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4 Nov 2002 : Column 78continued
Mr. Brazier: I do not know of any such category. Service families are not such an example. It is true, sadly, that the divorce rate in the Army and the Navy is higher than the national average, but it does not begin to compare with the staggering amount of separations among unmarried couples. It reflects the overstretch that the armed services suffer from at the moment. So I know of no such category, but if I did I would not support a ban on any particular ethnic group. Civil marriage does not ask that people have a particular religion, or anything else other than that they make a public commitment of permanence. That is all it asks. In the debates that took place in the 19th century about the introduction of civil marriage, I would have been on the side of those who wanted to introduce it, precisely because it provided an opportunity for people of no particular religious faith to make a public, legally binding commitment. That is all it involves, and it seems to me to be a perfectly reasonable criterion for adoption by two people who both want legal ties to the child.
Mr. Bercow: I am extremely grateful to my hon. Friend for giving way; he is always generous in that respect. I want to clarify exactly what his position is. Is he arguing his absolutist stance in support of only married couples being allowed to adopt to the extent that, even if the only reason why an otherwise thoroughly suitable couple could not adopt was that there were religious impediments to their marriage, he would still rule them out?
I want to finish by making a wider point. In his excellent speech, my hon. Friend the Member for East Worthing and Shoreham touched on the fact that there were several other ways in which we could broaden the pool. I want to mention two of them. These measures would introduce extra homes and provide extra opportunities for children in care to be adopted, not through a technicality involving a one-person adoption in a two-person home. They would provide real extra homes.
The first measure would involve a relatively small redrafting of the first clause of the Bill. We had an indication on the Floor of the House from the Minister's predecessor, the right hon. Member for Barrow and Furness (Mr. Hutton), that he appeared to be in favour of such a redrafting, which would alter clause 1(5) so that the requirements on ethnicity and religion would be subservient to the provision in clause 1(3) that there should be no undue delay. Some of the examples that my hon. Friend the Member for East Worthing and Shoreham read out illustrated that many local authorities still take the view that they would rather not have a child adopted at all than let the child go to a family that does not match the ethnicity or religion of that child. That is the real scandal.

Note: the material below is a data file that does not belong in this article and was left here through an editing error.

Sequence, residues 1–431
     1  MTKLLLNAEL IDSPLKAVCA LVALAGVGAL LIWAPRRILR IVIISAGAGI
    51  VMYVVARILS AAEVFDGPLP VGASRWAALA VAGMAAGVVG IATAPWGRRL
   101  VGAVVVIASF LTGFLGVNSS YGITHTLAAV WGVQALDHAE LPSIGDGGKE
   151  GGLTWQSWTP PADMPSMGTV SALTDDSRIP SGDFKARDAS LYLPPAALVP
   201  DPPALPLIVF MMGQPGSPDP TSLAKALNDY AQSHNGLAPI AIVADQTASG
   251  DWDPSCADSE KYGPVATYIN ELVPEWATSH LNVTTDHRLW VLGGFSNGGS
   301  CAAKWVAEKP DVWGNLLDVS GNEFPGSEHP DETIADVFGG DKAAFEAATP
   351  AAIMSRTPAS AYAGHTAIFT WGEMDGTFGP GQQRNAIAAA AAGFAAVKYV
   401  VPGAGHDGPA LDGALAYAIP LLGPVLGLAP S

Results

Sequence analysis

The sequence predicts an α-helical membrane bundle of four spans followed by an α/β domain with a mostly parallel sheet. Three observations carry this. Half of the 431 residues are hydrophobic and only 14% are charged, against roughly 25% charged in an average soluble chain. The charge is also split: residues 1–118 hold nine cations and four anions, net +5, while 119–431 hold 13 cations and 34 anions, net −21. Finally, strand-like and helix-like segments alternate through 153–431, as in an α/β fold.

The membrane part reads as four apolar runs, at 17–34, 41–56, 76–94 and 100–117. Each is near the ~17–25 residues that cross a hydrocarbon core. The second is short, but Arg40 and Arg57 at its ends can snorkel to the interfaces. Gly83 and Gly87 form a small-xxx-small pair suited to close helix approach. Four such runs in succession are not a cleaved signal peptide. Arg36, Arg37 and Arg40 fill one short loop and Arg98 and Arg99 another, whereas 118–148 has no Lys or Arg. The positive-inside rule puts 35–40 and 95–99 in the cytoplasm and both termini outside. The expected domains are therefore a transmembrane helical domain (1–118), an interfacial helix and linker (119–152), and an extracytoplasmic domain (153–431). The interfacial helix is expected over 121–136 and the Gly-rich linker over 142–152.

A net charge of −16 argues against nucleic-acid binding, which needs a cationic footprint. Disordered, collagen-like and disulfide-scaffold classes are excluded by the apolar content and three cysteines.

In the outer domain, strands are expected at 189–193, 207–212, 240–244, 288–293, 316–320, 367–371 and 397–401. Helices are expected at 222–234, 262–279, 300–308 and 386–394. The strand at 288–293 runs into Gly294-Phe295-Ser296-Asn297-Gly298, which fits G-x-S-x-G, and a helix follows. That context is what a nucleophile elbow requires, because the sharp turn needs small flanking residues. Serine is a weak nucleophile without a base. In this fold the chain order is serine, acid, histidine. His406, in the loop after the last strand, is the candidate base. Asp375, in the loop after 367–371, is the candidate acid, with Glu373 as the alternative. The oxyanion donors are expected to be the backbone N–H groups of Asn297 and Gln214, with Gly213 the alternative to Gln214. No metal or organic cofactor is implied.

The second example involves contact. I think that the hon. Member for Hastings and Rye (Mr. Foster) mentioned this earlier, and I accept his point that a balance has to be struck. We have to consider the circumstances of the child in the birth family from which he or she was extracted. We must, of course, take account of the fact that the child may have made a real bond with an auntie or a granny, or someone else who played no part at all in the unhappy circumstances that led to the child being taken into care. We must also, however, make a reasonable assessment of what it is fair to ask an adoptive parent to take on. In my view, this can only be done after an adoptive couple has been lined up. It cannot, as those wretched advertisements suggest, be prejudged, if we want adoptive parents to take on damaged children.
I have not had the courage to adopt a child, but the hon. Member for Stockton, South (Ms Taylor) has done so and she knows how much I admire her for sharing her experiences with us. If I had had the courage to take on those two little boys who I mentioned earlier, with all that history, and someone had said to meas the courts more and more frequently do these days; we even have advertisements from the British Agencies for Adoption and Fostering that apparently prejudge these decisionsXAh, but we want there to be letter-box contact with the birth parents", I cannot believe that even the bravest adoptive parents in the land would stand for it. If someone is taking on really damaged children, they cannot be expected to accept mail from the parents who inflicted the damage; that sort of decision must be made later in the process. That is my second suggestion for widening the pool. Social workers in my own area, including the former director of social services, have told me of individual adoptions that would otherwise have gone through but did not do so because of court rulings on contact with the birth family.
I shall end where I came in: this is not the burning issue of the hour. The measure was not even in the original Bill. This is a good Bill, and I believe that the best way to look after these children is by extending the opportunities in the way that has just been described, rather than by going down the route of introducing fresh legal complexitiesbecause that is all that this isto adoption.
Ms Dari Taylor : This is the third time that I have spoken in a debate on the Adoption and Children Bill. Each time, it has been a pleasure, because everyone speaks with such warmth and commitment. Although I disagree with much of what the hon. Member for Canterbury (Mr. Brazier) said, I totally applaud his integrity. It was a positive treat to listen to the powerful speech by the hon. Member for Buckingham (Mr. Bercow). It was seriously timely, and I see him as a Member who is making a commitment to a good Bill by reinstating amendments and by putting his career second. Well done!